Egg Carton Fire Starters

There's nothing like a fire to make you feel warm and toasty, whether it's at camp in the middle of the wilderness or on the grill in your backyard. The tricky part can be getting that fire started. You can buy commercial fire starters, but it's more fun, efficient and environmentally friendly to make your own from leftover items around the house. In this case, an egg carton and a few leftover candle stubs will do the trick.

Things You'll Need

  • 1½ cups paraffin or candle stubs
  • 1 empty pint can, cleaned and thorougly dried
  • 1 saucepan or skillet
  • 1 paper egg carton (not foam or plastic)
  • Skewer or disposable fork
  • Cotton thread or fine twine
  • Knife or scissors
  • Additional fillers such as dryer lint, dried grass, sawdust or wood shavings (optional)
  • Aluminum foil (optional)


  1. Break or cut the paraffin into smaller pieces so it will melt faster. If you're using candle stubs, chop any large pieces but leave smaller ones intact. Transfer the wax to a clean, well-dried can.
  2. Run an inch of water into a skillet or saucepan and bring it to a gentle simmer. Place the can of wax carefully in the hot water, creating a sort of double boiler. Heat the wax for approximately 10 minutes, stirring occasionally, until it's all melted. Remove the pan from the heat.
  3. Remove the lid from the egg carton while the wax heats and tear it into thin strips. Divide these strips between the cups, partially filling them. This provides extra fuel for the fire starter. You can supplement the strips of paper with additional filler materials if you wish, such as dryer lint or dried grass.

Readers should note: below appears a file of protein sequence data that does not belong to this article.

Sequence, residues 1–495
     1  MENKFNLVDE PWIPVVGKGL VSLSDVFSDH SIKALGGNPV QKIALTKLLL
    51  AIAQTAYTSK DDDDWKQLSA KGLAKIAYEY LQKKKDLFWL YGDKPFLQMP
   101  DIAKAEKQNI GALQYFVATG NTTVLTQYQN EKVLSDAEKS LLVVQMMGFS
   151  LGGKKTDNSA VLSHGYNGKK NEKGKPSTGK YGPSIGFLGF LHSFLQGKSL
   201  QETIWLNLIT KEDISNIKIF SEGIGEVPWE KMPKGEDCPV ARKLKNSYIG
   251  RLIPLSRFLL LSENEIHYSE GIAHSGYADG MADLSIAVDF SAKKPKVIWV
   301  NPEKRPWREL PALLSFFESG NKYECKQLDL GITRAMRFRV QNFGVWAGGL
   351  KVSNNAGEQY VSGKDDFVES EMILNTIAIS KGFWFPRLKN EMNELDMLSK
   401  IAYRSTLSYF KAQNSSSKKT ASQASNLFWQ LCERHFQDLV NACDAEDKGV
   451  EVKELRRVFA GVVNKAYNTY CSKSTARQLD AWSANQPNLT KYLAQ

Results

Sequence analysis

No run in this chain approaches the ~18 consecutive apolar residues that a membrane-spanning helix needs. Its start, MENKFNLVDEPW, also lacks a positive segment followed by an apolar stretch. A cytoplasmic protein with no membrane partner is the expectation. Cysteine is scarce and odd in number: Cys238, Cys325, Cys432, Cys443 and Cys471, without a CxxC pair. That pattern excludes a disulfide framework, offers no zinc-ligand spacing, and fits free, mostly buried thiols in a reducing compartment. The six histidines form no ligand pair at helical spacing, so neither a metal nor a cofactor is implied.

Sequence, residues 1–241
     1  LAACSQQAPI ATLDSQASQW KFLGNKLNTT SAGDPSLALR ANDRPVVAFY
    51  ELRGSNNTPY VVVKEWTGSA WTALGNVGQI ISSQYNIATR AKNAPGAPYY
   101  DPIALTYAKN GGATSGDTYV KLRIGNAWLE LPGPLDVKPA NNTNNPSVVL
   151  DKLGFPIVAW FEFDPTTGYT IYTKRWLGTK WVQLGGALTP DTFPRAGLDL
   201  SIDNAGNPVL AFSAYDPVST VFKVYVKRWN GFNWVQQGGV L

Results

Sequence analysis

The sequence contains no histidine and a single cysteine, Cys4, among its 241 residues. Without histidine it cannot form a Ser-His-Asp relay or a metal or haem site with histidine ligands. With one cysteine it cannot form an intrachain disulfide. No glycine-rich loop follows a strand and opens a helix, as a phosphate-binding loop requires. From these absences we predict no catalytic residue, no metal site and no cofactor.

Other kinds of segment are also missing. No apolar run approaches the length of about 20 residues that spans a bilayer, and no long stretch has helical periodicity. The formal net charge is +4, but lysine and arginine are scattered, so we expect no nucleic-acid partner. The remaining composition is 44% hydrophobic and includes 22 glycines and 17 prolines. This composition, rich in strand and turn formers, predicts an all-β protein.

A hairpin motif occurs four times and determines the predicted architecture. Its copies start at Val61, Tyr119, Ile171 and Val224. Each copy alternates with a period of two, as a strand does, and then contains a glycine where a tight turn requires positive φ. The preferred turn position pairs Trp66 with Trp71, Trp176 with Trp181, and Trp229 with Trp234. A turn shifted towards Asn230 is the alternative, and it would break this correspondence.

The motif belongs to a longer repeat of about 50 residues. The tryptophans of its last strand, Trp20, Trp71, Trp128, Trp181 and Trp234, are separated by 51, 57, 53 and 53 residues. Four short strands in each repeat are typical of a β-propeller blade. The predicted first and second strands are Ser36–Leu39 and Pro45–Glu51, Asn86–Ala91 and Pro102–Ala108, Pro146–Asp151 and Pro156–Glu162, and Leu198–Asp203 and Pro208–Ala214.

4. Divide the melted wax between the cups of the egg carton, pouring an equal amount into each one. Use a skewer or disposable fork to press down the filler materials so they're completely covered by the wax. Set in a cool place to dry and harden.
  5. Cut between the cups with a knife or a pair of scissors to separate the individual fire starters. Fold the edges of each cup to cover its open top. For a neater, more compact package, wrap each starter in a small piece of foil, or wrap it and tie it with cotton thread or fine twine. This is optional, but it saves space in a drawer or backpack.
  6. Nestle one or more fire starters among the kindling to start a campfire, or into the charcoal to start the coals in your kettle or barbecue pit. They'll burn for several minutes after they're ignited, and will encourage even damp or green wood to catch. If you've wrapped your starters in foil, remove the foil before attempting to light them.


You can choose other fillers for your fire starters depending on how you intend to use them. Most DIY sites suggest using dryer lint as a filler. This is fine for an outdoor campfire, but the smoke from synthetic fabrics would be unwelcome in a barbecue. Sawdust is another excellent filler, but the dust from particle board, plywood or pressure-treated lumber can contain potentially toxic materials.

Choose materials such as hardwood sawdust or tufts of dried grass for the greatest versatility, or even the wood shavings sold as bedding for small animals. These burn cleanly and won't impart unwelcome flavors to the foods cooked over them.

If you plan to use your starters with a charcoal grill, take things a step further by incorporating small chunks of charcoal into the starters, or pieces of hardwood to generate flavorful smoke.


Wax is highly flammable when heated, and paraffin is especially volatile. If you're heating your wax on a gas stove or outdoors on a camp stove or campfire, use a wide skillet as the base of your "double boiler" and keep it at the lowest heat possible. Otherwise, you run the risk of having it burst into flame and creating a significant safety hazard.

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